MILWAUKEE -- Dontrelle Willis did it all as a rookie with the Marlins in 2003.
The left-hander, then 21 years old, stormed onto the big league scene in May. He went on to become an All-Star, National League Rookie of the Year and a World Series champion.
"I think Dontrelle Willis was the reason why the Marlins won in 2003," said Marlins manager Ozzie Guillen, then the team's third-base coach. "Obviously, it takes 25 guys to win the World Series. But I think when he arrived to the Marlins, he took this pitching staff to the next level. I think, because of the competition, everybody went to the next level when he arrived in Miami.
"I think that's the biggest reason we were in great shape and went to the playoffs. I think that was the reason."
Willis, who played for the Marlins from 2003-07, announced his retirement on Monday. He was in the Orioles' organization this season, but didn't pitch at the big league level.
At the 2007 Winter Meetings, the Marlins traded Willis and Miguel Cabrera to the Tigers in a deal that included Andrew Miller and Cameron Maybin coming to Florida.
When Willis was with the Tigers, he faced Guillen's former team, the White Sox.
"He was bad," the manager said. "The few times he pitched against us, I thought he got hurt. I called him to see what it was. He couldn't throw strikes. When you're not throwing strikes, you announce your retirement pretty quick. That's not just him. That's everybody."
Bonifacio set to begin rehab stint Wednesday
MILWAUKEE -- Marlins top prospect Christian Yelich will likely be playing another position for about a week. That's because center fielder Emilio Bonifacio is tentatively set to begin his rehab assignment with Class A Jupiter on Wednesday.
Bonifacio, on the disabled list since May 20, is lined up to play for the Hammerheads beginning on Wednesday when they face the Palm Beach Cardinals at Roger Dean Stadium.
Marlins manager Ozzie Guillen said on Monday that the hope is Bonifacio will get some rehab assignment games and come off the disabled list on July 13, the first day after the All-Star break.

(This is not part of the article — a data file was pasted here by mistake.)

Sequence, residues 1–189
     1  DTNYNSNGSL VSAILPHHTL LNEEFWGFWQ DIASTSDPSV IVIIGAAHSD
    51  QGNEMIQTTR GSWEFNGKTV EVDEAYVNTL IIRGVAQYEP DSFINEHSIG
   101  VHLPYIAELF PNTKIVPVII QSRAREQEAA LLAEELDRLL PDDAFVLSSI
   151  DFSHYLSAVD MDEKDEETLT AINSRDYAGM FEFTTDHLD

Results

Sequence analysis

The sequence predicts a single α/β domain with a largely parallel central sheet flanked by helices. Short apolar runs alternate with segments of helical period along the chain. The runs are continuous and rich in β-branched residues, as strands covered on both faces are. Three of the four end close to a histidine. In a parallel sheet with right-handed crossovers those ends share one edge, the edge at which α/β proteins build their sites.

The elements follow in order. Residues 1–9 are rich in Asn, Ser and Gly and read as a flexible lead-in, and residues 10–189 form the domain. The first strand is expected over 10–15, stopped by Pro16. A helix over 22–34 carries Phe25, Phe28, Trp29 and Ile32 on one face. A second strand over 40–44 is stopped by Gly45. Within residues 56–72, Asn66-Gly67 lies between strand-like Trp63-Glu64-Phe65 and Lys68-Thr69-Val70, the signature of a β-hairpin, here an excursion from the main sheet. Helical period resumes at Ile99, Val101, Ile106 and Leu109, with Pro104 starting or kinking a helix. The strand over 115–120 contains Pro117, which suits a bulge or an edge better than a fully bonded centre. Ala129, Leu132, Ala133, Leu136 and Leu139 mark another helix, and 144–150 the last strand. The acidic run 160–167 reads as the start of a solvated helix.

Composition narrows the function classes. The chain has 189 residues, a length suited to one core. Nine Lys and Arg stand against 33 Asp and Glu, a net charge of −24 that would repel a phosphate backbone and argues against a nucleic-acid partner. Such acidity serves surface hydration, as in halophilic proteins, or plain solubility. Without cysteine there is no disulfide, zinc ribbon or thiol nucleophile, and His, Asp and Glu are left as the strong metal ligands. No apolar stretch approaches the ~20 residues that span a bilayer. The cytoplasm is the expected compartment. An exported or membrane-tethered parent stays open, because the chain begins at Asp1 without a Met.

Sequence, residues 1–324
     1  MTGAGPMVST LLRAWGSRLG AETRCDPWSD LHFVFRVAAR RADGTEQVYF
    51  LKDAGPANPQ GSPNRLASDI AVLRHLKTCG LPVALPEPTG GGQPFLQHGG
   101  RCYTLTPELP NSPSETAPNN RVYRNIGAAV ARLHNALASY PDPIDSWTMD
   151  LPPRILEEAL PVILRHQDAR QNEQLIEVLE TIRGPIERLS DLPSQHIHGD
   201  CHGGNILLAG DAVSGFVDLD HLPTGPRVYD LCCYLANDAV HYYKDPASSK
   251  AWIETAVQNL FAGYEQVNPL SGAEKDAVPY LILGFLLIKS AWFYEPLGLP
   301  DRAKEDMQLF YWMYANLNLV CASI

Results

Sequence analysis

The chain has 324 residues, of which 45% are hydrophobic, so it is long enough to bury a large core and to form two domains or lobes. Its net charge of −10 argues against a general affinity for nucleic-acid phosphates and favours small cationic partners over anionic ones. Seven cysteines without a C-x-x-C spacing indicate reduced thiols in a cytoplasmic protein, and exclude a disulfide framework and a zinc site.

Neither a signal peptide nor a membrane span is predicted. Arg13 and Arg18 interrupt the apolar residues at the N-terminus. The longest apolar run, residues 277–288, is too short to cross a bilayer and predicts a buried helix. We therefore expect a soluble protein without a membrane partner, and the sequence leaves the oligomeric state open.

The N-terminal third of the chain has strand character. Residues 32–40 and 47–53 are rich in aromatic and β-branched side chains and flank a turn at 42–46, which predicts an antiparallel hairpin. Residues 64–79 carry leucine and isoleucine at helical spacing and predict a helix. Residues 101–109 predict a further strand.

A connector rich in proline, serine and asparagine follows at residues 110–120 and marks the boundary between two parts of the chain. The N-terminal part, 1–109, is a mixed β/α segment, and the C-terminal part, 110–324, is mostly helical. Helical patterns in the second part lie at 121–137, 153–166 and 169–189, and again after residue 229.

The Marlins will be at home that day, opening a series against the Nationals.
"If everything comes out the way we think, he should be coming back after the All-Star break," Guillen said. "He's going to rehab first."
Bonifacio sprained his left thumb after jamming it on second base on a stolen base attempt at Cleveland. An MRI exam revealed a ligament tear that required surgery on May 25.
A few days ago, the speedster was cleared to return to full baseball activities. He plans to wear a protective brace when he is on base.
Jupiter's roster features Yelich, the club's first-round Draft pick in 2010. He's been playing mostly center field, but can also play corner outfield.
Also next week, reliever Edward Mujica (broken right pinky toe) is expected to pitch in rehab assignment games at Jupiter. Mujica was placed on the DL on Saturday.
Juan Carlos Oviedo is slated to begin playing Minor League games on Saturday, which is 16 days before he is eligible to end his six-week suspension.
Oviedo, formerly Leo Nunez, has dealt with legal issues and a league suspension stemming from issues related to playing with a false identity.
Oviedo is eligible to play for the Marlins on July 23, when the team is at home against Atlanta. Per league rule, he can begin playing Minor League games 16 days before his suspension is lifted.
Starter LeBlanc ready to help Marlins out of 'pen
MILWAUKEE -- If the decision was based on Spring Training performance, Wade LeBlanc clearly would have opened the regular season with the Marlins.
It didn't work out that way, because the Marlins already had their rotation set, and the club felt LeBlanc was better off pitching every fifth day at Triple-A New Orleans than coming out of the bullpen in long relief in the big leagues.
But after Edward Mujica was placed on the 15-day disabled list with a broken bone in his right pinky toe, the team needed bullpen help.
LeBlanc, who was starting and performing well at Triple-A, got the call. The left-hander arrived in Miami at noon ET on Sunday, about 70 minutes before the Marlins completed a three-game sweep of the Phillies. Afterward, he gathered himself again and made the flight with the club to Milwaukee.
For now, LeBlanc's role is as a long reliever.
"The big thing for guys when they get sent down is they think there are some things they have to do differently," LeBlanc said. "In my mind, there wasn't anything I had to do differently. I just had to maintain what I had going in Spring Training. I think for the most part I was able to do that, with the exception of a couple of rough outings."
Acquired from the Padres for catcher John Baker last fall, LeBlanc was statistically Miami's top pitcher in Spring Training, posing a 2-1 record with a 1.31 ERA, striking out 19 in 20 2/3 innings.
The 27-year-old was 5-5 with a 3.74 ERA in 16 Triple-A starts. He struck out 91 and walked 20 in 98 2/3 innings.
What did he focus on at New Orleans?
"Basically to stay aggressive and not to do anything differently than what I did in Spring Training," the lefty said.
LeBlanc has 54 games of big league experience, with just two appearances out of the bullpen.
"I'll handle anything they throw at me," he said. "Wherever they want me to go, whatever they want me to do, I'll do. I'm just happy to be here. And happy they think I can help this club.
"It's always fun to come back and see all the guys and feel like part of the team, where hopefully they feel you belong."